Wellbeing & Fitness

Wheelchair basketball: have you thought about giving it a go?

Tom Masterson has been playing wheelchair basketball since 1986 and is now the head coach of the Warwickshire Bears. Here he talks about his love for the sport and why he encourages other disabled people to give it a try.

Please can you tell Disability Horizons readers a bit about the wheelchair basketball club and how it started?

The Stratford Players team was formed in 2002 by myself and Mark Butler. We wanted to offer wheelchair basketball to a wider range of players in the Warwickshire/Solihull area, so the club changed its name to Warwickshire Bears in 2008. At one point we were in the first division, but we had to pull out of the league due to players leaving for other commitments.  After recruiting new members, the Bears re-entered the league a year later, but had to start back at the beginning in the third division.

What first interested you about taking up wheelchair basketball?

I started playing wheelchair basketball in 1986 after I was injured working as a roofer.  When I was at the hospital recovering, I was introduced to wheelchair basketball by my first coach Malcolm Tarkenter, who is now chairman of the Great British Wheelchair Basketball Association (GBWBA).  Later, my second coach was Sir Philip Craven, who is now President of the International Paralympic Committee. I’ve been lucky to have been coached by some of the best players in the sport.

Can you tell us more about the  sponsored pushes the club runs?

The Bears holds annual events to raise funds for the club. We try to keep the costs low to encourage people to play wheelchair basketball, but as it  costs more than £7,000 to run the team, (excluding the equipment costs) we have a lot of expenses to cover.

Our sponsored push (where a number of us push ourselves in our wheelchairs 10k) is during the summer and is  along the Greenway in Stratford-upon-Avon.  Each player tries to get as many people to sponsor them to do the push.  It is a great bonding day for the team and we make a whole day of the event.

Wheelchair basketball Warwickshire Bears sponsored push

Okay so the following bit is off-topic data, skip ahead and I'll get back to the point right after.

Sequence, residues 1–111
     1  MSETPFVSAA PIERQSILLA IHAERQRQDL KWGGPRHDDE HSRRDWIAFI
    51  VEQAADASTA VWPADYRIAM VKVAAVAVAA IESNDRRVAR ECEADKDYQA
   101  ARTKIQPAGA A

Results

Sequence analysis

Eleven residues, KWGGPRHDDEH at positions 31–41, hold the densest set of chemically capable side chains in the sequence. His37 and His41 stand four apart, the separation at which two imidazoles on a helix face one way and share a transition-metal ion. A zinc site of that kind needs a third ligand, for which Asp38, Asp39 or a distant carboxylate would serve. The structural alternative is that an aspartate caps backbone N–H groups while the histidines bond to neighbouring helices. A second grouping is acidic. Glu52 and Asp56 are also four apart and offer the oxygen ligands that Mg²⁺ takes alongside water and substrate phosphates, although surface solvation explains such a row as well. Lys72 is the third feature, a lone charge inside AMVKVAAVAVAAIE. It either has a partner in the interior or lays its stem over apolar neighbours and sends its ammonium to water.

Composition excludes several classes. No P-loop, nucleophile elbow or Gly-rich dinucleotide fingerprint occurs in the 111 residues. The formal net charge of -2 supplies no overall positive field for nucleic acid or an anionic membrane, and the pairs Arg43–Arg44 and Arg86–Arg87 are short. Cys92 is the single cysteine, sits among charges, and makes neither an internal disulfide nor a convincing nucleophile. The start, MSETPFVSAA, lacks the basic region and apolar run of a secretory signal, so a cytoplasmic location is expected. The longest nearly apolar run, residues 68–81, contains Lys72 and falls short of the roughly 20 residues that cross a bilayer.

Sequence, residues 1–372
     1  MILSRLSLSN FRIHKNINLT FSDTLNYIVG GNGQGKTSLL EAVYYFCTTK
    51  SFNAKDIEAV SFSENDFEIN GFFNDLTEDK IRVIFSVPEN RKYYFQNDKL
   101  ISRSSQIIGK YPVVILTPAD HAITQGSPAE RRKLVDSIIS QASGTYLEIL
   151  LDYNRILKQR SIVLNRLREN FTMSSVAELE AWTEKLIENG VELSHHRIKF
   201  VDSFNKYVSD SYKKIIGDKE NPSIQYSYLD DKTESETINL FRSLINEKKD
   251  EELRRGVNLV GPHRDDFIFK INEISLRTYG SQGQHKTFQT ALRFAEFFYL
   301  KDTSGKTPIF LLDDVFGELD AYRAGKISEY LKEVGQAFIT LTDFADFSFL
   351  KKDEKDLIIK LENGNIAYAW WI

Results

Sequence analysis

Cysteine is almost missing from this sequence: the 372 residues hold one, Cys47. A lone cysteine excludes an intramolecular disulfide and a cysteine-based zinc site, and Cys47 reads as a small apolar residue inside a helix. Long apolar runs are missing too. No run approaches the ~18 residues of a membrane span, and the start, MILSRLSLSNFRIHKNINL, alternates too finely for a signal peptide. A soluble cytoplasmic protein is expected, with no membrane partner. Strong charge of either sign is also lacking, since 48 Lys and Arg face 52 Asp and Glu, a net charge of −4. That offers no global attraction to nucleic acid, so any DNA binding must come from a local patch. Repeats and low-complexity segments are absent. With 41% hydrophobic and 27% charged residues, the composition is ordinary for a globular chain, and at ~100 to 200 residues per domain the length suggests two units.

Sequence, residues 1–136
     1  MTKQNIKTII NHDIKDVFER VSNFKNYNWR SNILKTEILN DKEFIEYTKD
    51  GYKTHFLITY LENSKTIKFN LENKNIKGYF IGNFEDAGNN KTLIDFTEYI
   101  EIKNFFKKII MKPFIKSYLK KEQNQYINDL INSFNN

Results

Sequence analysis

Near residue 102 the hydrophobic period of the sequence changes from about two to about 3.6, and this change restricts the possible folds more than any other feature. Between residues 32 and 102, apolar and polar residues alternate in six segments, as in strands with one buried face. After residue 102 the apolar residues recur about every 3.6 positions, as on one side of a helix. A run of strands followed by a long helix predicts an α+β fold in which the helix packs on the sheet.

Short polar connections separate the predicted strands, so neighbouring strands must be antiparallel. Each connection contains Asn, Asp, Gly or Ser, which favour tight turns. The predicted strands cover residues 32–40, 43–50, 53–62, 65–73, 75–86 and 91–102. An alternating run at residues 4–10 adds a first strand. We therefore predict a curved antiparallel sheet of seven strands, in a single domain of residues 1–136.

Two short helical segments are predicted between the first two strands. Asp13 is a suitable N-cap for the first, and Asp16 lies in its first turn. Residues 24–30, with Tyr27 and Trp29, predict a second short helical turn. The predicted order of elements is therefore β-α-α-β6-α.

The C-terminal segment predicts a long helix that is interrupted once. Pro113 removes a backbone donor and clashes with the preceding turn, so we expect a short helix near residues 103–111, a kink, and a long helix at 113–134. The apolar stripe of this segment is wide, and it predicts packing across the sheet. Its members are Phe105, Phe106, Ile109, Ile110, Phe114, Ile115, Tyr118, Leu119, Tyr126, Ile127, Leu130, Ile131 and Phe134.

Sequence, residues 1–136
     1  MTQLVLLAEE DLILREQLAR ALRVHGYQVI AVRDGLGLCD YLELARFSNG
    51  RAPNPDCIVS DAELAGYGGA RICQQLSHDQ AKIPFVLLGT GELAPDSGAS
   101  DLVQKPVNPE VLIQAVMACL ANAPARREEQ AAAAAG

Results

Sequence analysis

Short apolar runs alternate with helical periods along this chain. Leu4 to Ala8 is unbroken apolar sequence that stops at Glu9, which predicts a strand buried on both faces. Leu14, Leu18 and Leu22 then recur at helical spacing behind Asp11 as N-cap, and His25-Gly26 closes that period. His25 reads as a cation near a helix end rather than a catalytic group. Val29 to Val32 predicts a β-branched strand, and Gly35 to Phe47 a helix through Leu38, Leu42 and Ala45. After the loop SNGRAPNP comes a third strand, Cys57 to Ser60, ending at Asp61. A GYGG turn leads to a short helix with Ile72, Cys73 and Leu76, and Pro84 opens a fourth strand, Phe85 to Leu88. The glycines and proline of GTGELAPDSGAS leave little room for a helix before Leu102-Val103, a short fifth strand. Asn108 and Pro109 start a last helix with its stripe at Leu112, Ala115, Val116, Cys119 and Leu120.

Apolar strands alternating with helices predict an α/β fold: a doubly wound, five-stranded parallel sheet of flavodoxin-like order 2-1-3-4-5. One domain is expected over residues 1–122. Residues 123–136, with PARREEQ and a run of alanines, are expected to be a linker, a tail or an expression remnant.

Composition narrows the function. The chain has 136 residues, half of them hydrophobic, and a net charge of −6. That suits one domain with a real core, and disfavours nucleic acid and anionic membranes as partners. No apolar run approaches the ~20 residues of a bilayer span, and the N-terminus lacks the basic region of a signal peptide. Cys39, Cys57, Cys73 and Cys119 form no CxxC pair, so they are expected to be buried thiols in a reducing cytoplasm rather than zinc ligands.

If anyone is interested in joining the club, how can they sign up?

Just give us a call and let us know you’re interested!  This gives us notice that someone new is coming along. Then we can arrange for one of the coaches to look after them on their first night and it gives us a chance to get a wheelchair for them to use.

The Bears offers the first four weeks of training free of charge, as this gives anyone time to consider if the sport is for them. If they are still interested, then we ask for a monthly fee of £20 to help cover the cost of running the club.

What skills/qualities does a person need to become a professional basketball player?

To play wheelchair basketball, a person must have use of their upper limbs (arms/hands) and be strong enough to push a manual wheelchair independently.  To progress further in the sport and become a professional player, it takes dedication and a drive to keep improving.  All the basic skills are taught to the players during trainings, but it is up to the individual to become better, stronger and more consistent players.

What is involved in the training sessions?

A normal training session will include basic conditioning of players to improve their fitness, ball skills, shooting practice, defensive practice, and game practice.  Players are also coached on techniques and continually offered advice.

How do you adapt the game to work around various disabilities?

Wheelchair basketball is played under a classification system, where each player is classified by the level of their disability.  An able-bodied player would be classified as a 5 pointer and classification goes all the way down to a 1 pointer, depending on their level of injury.  Each team is always allowed five players on the court and their classifications combined cannot exceed 14.5 points. This means that all teams have to include players with different disabilities, and a 1 point player is as valuable to a team as a 5 point player.